UK and US stage joint 'cyber war games'
Exercises will begin with a simulated attack on the financial sector to test both countries' response to online crime
The US and the UK are to mount cyber attacks on one another in a joint "war game" to test each country's ability to combat online crime.
David Cameron announced the "unprecedented" arrangement during talks with his US counterpart, Barack Obama.
The first of a series of games will take place later in 2015 and will involve an attack on the Bank of England and commercial banks, targeting both Wall Street and the City of London, the BBC reports.
The test will be followed by a range of "further exercises to test critical national infrastructure", Downing Street said in a statement.
The two leaders also announced the formation of new "cyber cells" comprised of agents from MI5 and the FBI, who will collaborate to improve the way the UK and US share information about threats. The cells represent the first the UK has established with another country.
The new measures come in the wake of the devastating cyber attack on Sony Pictures by a group calling itself the Guardians of Peace. The FBI blamed North Korea for the hack, which led to the early release of a number of films and publication of embarrassing private correspondence and personal data.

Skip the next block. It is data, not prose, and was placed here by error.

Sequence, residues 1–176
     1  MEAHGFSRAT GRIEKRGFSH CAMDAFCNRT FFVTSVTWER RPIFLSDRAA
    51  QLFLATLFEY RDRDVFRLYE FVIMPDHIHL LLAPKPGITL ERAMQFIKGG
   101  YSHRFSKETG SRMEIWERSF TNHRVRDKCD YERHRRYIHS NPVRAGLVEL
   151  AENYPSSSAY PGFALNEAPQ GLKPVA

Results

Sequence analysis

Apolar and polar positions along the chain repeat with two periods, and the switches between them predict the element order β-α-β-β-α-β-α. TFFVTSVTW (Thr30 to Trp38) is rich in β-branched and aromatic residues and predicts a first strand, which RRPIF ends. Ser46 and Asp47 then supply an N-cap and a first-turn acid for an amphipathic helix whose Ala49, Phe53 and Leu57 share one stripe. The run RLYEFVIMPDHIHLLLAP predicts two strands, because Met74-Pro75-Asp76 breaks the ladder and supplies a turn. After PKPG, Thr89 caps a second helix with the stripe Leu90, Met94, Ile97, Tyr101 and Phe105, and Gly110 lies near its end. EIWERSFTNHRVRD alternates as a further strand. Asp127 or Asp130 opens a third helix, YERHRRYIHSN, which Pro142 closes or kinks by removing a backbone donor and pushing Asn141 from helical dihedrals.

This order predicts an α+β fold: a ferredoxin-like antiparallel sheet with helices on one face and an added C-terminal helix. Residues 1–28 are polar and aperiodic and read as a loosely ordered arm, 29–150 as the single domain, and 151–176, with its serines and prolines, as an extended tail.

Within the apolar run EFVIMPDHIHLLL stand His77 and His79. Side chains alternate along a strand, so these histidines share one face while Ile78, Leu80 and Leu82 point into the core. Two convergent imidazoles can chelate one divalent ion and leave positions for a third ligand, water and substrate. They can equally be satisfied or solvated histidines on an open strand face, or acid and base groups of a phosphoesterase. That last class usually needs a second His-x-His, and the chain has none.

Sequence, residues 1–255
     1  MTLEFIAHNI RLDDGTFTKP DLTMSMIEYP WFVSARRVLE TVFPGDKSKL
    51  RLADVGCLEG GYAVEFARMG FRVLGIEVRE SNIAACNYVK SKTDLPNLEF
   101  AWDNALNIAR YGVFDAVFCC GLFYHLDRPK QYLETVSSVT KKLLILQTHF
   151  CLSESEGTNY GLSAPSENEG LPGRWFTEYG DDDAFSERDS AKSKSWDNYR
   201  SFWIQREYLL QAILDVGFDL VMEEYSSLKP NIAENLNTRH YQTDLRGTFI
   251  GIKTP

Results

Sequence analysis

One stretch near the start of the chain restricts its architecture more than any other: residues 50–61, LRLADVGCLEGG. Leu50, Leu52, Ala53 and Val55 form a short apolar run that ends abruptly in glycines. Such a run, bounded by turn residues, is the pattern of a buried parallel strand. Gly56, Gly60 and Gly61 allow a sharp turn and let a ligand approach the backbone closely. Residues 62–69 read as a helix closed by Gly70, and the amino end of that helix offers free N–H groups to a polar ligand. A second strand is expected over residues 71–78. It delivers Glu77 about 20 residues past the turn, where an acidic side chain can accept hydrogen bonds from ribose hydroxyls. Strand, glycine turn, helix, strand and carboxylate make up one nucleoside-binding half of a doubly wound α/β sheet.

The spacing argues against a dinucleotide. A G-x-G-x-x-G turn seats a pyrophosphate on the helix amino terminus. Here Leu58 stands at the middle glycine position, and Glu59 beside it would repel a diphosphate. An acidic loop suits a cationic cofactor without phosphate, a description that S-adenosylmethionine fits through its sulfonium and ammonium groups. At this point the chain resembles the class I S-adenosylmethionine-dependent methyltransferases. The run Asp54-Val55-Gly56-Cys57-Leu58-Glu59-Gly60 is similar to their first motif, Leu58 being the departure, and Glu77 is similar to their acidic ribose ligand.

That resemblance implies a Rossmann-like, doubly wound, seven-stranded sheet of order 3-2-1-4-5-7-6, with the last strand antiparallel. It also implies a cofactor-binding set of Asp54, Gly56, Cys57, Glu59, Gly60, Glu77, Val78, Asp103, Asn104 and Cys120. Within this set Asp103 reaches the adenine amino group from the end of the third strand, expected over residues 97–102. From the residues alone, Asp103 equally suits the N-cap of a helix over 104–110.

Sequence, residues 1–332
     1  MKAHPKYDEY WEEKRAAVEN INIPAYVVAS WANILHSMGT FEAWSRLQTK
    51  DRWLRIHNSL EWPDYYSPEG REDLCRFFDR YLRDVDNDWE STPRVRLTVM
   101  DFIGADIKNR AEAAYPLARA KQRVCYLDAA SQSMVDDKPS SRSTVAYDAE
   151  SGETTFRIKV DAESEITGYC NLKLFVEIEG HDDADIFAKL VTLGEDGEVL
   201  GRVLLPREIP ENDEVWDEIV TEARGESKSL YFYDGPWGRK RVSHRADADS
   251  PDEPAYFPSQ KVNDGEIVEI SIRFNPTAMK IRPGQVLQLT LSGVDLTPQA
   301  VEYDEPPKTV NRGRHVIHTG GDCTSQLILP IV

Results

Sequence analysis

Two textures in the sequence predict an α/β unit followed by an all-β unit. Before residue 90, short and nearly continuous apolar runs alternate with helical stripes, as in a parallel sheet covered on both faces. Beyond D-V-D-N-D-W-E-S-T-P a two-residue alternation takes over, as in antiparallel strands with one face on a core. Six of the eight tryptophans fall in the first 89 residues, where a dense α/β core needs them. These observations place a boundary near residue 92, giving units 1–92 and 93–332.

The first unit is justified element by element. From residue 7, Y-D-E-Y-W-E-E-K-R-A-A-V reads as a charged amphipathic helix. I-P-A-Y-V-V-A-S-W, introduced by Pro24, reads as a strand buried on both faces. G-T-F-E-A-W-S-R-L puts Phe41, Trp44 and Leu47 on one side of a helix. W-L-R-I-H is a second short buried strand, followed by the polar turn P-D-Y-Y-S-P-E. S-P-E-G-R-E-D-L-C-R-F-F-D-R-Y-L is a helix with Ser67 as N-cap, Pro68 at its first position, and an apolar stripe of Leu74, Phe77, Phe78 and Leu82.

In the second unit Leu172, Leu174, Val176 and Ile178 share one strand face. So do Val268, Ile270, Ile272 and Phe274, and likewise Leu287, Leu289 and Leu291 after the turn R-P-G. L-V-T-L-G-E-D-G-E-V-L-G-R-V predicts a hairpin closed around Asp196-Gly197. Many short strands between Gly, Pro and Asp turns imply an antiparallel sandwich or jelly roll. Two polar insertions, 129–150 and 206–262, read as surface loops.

Cameron told the BBC that cyber attacks are "one of the big modern threats that we face".
He said the UK is already well prepared to defend itself against cyber attacks, but that more can still be done.
"This is a real signal it's time to step up the efforts and to do more," he said. "It's also about protecting people's data, people's finances – these attacks can have real consequences to people's prosperity."
On Monday, the US military's Central Command Twitter account was attacked by a group claiming affiliation with Islamic State.Obama said that the hack, though relatively unsophisticated, underlined the "urgent and growing danger" of online crime.